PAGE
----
Hello again gamers! As most of you already know, God of War is one of my most favorite video games of all time. I won’t go back into my history with the game again, but long story short, I’ve been waiting on GOW Ragnarok for a very long time. Although, I won’t lie, I started to lose some interest because it took so long to come out, but once I was able to play it, the game really stepped up from the original. Games like this are hard to look at as a critic because they’re so well made, and you get thoroughly invested in the characters and story to the point where you just want to know what is going to happen next. God of War Ragnarok is one of those great video game masterpieces.
God of War (2018) was an amazing game and its sequel looks even better. There were moments when it was hard to grab any images that would do the game justice, simply because it has its own movement and flow. Not to mention the diversity of the environments. Kratos and Atreus are taken through all kinds of varied environments this time around, from the frozen open spaces of Midgard to the vibrant and colorful jungle areas of Vanaheim, you get to see a wide range of amazing extremes. The world of Ragnarok is both beautiful and dreadful and it essentially acts as a NPC in the background. Each one of the nine realms has its own vibe, history, and backstory which only add to the dramatic tale. The amazingly talented teams from Santa Monica Studios really know how to make quality games, and Ragnarok is no exception. They’ve managed to elevate what was already great in the first game and fine tune it into this new experience with more diverse enemies, less repetitive boss fights, and more engaging level design.
Ragnarok’s story doubles down on humanizing Kratos and connecting him to the player in a much more personal way. For me, Kratos’ story has always been personal, especially because of how I found my emotions mirrored though his story, and as I get older and gained new perspectives of life and the world around me, Kratos has done the same. He approaches his challenges much more maturely and less explosive like he used to and this allows him to be a much more relatable character even though we can still see his inner rage through the cracks. Those moments of Kratos reacting towards Atreus with compassion instead of aggravation reflect his growth and reveal an unseen side of him that personally, I would have never thought possible. All of Kratos’ progress runs parallel to his son’s experiences as he is discovering who he truly is, where he comes from, and what he is capable of. Both characters work more cohesively this time around even when they’re apart, and this only makes their bond stronger. The whole experience really highlights the true gift behind the game; its writing.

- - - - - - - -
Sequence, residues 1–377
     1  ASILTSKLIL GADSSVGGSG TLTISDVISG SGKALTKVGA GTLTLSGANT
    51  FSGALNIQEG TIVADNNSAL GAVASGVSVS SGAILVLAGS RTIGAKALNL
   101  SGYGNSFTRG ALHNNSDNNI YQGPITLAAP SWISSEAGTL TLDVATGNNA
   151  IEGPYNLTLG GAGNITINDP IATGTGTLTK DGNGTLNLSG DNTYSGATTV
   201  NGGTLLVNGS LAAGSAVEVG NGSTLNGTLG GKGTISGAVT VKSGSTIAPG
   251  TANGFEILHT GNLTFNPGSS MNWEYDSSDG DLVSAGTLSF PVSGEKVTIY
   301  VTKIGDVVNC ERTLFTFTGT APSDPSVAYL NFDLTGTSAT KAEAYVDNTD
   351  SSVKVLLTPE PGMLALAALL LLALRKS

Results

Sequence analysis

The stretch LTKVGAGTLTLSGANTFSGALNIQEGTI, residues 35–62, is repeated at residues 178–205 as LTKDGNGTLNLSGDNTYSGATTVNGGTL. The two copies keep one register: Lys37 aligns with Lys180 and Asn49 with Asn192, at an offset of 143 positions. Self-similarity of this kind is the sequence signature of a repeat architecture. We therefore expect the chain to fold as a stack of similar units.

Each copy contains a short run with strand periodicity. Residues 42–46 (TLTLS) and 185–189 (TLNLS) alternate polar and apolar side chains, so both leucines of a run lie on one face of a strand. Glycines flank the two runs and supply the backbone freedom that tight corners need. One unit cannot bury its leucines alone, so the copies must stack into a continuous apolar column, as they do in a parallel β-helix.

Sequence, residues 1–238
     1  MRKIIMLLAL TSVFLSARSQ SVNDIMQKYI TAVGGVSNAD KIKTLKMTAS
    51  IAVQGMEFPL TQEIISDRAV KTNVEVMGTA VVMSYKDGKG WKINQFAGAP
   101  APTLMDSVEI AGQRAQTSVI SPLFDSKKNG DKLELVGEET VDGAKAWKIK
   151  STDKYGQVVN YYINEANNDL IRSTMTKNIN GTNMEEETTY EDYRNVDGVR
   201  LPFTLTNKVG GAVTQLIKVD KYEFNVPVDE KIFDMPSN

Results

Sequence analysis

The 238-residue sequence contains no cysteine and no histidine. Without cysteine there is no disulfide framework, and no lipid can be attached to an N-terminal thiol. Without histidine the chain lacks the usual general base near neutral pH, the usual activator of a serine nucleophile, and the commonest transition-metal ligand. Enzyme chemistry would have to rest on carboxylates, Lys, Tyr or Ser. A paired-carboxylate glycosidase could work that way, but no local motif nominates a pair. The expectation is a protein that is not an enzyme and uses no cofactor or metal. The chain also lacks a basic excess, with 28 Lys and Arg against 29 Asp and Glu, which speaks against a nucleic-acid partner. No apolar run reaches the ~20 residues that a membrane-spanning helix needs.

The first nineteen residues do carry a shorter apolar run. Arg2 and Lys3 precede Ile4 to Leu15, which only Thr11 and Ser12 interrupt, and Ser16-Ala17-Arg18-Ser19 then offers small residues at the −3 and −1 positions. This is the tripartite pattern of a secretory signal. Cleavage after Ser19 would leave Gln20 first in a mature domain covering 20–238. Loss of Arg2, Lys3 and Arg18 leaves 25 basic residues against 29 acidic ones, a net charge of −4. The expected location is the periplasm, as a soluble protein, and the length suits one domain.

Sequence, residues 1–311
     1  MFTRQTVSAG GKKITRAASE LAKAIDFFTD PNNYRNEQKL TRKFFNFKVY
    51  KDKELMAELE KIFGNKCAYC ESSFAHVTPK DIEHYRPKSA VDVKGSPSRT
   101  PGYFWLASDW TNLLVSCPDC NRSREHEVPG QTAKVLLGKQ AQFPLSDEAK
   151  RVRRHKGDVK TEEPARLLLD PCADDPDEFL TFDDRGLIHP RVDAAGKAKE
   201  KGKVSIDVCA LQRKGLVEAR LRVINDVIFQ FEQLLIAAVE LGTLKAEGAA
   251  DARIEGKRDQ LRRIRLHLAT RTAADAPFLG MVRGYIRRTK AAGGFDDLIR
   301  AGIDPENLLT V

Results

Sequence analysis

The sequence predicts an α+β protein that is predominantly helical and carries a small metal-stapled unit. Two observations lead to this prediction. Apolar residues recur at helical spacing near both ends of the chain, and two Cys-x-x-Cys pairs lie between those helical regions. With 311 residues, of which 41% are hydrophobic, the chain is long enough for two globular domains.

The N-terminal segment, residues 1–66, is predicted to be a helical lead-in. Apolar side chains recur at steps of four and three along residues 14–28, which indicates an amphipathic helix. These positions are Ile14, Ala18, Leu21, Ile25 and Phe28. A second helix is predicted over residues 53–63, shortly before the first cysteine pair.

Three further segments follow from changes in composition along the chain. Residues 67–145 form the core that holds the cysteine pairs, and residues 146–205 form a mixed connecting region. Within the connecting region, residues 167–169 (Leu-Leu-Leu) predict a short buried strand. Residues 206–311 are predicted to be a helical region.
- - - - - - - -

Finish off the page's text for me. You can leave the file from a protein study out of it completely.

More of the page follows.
Why any of this matters
In a very general sense, I think gaming has been declining in quality these last few years, even though the tech behind them continues to get more powerful. To me this shows that the lack quality is due to poor execution from trying to make a quick buck instead of solid storytelling. In the case of God of War Ragnarok, it was like a breath of fresh air when everything else felt stale. I will admit it is a much slower paced game but once you start diving into it, you get to experience a truly heartfelt story that continues to bring epic fantasy action and powerful character growth for Kratos and his son. This kind of deep story telling doesn’t come around often so when you get a chance to play a game like this, it’s truly worth checking out.
As always if you made it down here, thank you so much for taking time out of your day to read this post. God of War Ragnarok was such an awesome game and I really took my time with it (especially because of work), but I really connected with the character development (again, but in a new way). I look forward to the next game in the series and hope Atreus continues to grow with Kratos as they conquer their way through their next adventure. Have an awesome day, and keep an eye out for more posts to come from about new and older games I’ve been trying out whenever I can.